Category Archives: Guest Post

Virtual Services: Its Origin and Evolution

By: Anna Garcia

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Image Credit: freedigitalphotos.net

With the advent of computers and the world wide web, it’s not so difficult to imagine that people now have access to a world of infinite possibilities — especially when it comes to information technology. The benefits brought on by these innovations, however, are not limited to the efficient processing and storing of data. They have also made possible a new era of professionals — the virtual assistants.

But when did this type of profession actually emerge? What inspired its inception? Who were the forerunners of this digital age concept? Who came up with the apt term? Well, if you want to know the answers, don’t stop reading.

The Beginning

Many believe that the precursors of what the world now know as virtual services was what people used to call “secretarial services”. And if you really think about it, it makes sense. After all, secretaries were the all-around assistants of managers, supervisors and executives. Decades ago, before computers and typewriters, the main tasks of secretaries were to take down notes for their bosses or superiors within the confines of a private office or a meeting room — regardless if they’re for important reports, contracts, business correspondence, or mere reminders.

For Males Only

But did you know that when the secretarial profession was born, only men were allowed to do it? As a matter of fact, the first secretarial school that was founded by Sir Isaac Pitman, the inventor of the shorthand method, only accepted male students. Back then, women were relegated to the role of mere housewives. When the typewriter got invented during the 1860s, however, women started to find a place in the secretarial arena and slowly began to dominate the field.

The Birth of the Virtual Industry

To further enhance the skills of professionals in the US secretarial industry, the National Secretaries Association was founded in 1942. Not 10 years after that, people who wanted to be professional secretaries, had to take and pass the Certified Professional Secretaries Examination. Since then, over 60,000 people have qualified for the said certification.

Decades after women dominated the industry and years after the internet has gone mainstream, a woman from Connecticut named Christine Durst had a vision of utilising the internet to pave the way for doing business globally. This was one of the reasons that in 1995, Durst founded both Staffcentrix and the International Virtual Assistants Association along with Michael Haaren. Thus, virtual services was born.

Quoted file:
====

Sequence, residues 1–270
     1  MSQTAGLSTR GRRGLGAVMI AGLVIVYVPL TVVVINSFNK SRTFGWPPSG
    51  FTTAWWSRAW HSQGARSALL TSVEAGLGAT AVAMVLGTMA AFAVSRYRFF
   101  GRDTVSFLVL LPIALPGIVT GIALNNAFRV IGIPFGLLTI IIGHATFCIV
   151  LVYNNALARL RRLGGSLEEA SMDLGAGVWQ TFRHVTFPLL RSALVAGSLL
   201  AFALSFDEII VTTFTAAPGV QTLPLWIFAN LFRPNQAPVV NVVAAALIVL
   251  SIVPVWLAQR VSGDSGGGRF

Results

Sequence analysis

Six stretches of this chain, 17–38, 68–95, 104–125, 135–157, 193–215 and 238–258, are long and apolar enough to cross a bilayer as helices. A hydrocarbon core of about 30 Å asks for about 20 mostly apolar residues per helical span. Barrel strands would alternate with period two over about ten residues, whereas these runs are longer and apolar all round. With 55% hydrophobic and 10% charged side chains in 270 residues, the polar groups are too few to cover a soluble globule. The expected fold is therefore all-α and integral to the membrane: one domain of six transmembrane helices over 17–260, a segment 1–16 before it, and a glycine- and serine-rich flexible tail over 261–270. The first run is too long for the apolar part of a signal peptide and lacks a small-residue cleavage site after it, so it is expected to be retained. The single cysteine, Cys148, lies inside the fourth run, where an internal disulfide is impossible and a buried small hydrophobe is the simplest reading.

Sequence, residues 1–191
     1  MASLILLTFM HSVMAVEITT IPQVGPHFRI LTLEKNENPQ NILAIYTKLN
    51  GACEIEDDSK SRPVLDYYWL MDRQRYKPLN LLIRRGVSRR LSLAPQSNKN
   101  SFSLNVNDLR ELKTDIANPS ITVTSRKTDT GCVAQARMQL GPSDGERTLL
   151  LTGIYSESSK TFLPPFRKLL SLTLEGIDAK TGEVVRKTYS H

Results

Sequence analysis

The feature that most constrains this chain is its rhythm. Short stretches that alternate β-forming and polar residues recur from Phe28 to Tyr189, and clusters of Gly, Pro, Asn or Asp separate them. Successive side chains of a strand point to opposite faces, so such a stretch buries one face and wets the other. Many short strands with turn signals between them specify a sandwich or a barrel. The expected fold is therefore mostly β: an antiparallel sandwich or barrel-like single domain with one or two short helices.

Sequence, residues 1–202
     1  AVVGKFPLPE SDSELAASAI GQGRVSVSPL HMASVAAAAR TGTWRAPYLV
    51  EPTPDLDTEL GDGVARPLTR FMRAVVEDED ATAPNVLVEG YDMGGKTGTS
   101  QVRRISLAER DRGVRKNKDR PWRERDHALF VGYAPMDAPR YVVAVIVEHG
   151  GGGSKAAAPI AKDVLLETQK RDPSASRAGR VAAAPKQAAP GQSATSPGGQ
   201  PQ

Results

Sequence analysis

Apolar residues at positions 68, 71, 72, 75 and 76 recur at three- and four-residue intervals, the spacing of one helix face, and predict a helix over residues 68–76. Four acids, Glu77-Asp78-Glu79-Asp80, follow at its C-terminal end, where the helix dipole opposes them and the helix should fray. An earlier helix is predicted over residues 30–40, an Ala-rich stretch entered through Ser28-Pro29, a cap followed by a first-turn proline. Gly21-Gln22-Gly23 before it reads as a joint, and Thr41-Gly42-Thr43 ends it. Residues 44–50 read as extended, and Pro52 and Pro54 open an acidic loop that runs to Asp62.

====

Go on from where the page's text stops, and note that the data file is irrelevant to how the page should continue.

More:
Who coined the term?

According to Durst, the one who came up with the famous term was her co-founder Michael Haaren. She said that it was Haaren’s vision to help people with disabilities as well as military spouses utilise these digital age technologies to develop portable career solutions for themselves.

However, another version of the story is that years before, a home-based entrepreneur named Stacy Brice has been providing travel planning and personal assistance to international clients from her home since 1992 — about 3 years before Durst and Haaren founded IVAA. According to Brice, years after she had been working from home, a client by the name of Thomas Leonard, the founder of Coach U that later on became Coachville, contacted Durst to take over his administrative duties while he goes on a sabbatical. He called the position “virtual assistant”.

Whichever version you might give credit for the term, the fact is that the profession started out as an alternative source of administrative services for entrepreneurs who wanted to concentrate on their business’ core tasks. Clearly, it was an answer to a demand for cost-effective and efficient administrative work.

What exactly do Virtual Assistants actually do now?

Virtual services today don’t just entail secretarial tasks, but more of vital administrative duties. In fact, many of them are now more aptly called Virtual Specialists since they offer a wide array of support services for any type of business and in almost any industry. Some virtual workers offer special skills such as in marketing, creative and technical services, web design, web development and maintenance. Others also offer specialised administrative assistance for particular industries such as in medical, legal, and real estate — to name a few.

The road so far…

The virtual industry has certainly come a long way from its earlier roots. When virtual assistance was in its infancy, professionals utilised telephones as well as the internet to perform their tasks. Now, they mostly rely on the power of the internet to efficiently deliver excellent results. Of course, the internet has greatly evolved since the 1990s and will probably continue to evolve in the years to come. And with the help of technological advances and continued training, virtual assistants will continue to become more skilled and efficient in their field.

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Author Bio: Anna Garcia writes for Regus, an international provider of digital solutions to small and medium-sized businesses as well as large corporations. Among the products and services they offer are workplace recovery solutions, business lounges, meeting facilities and virtual services.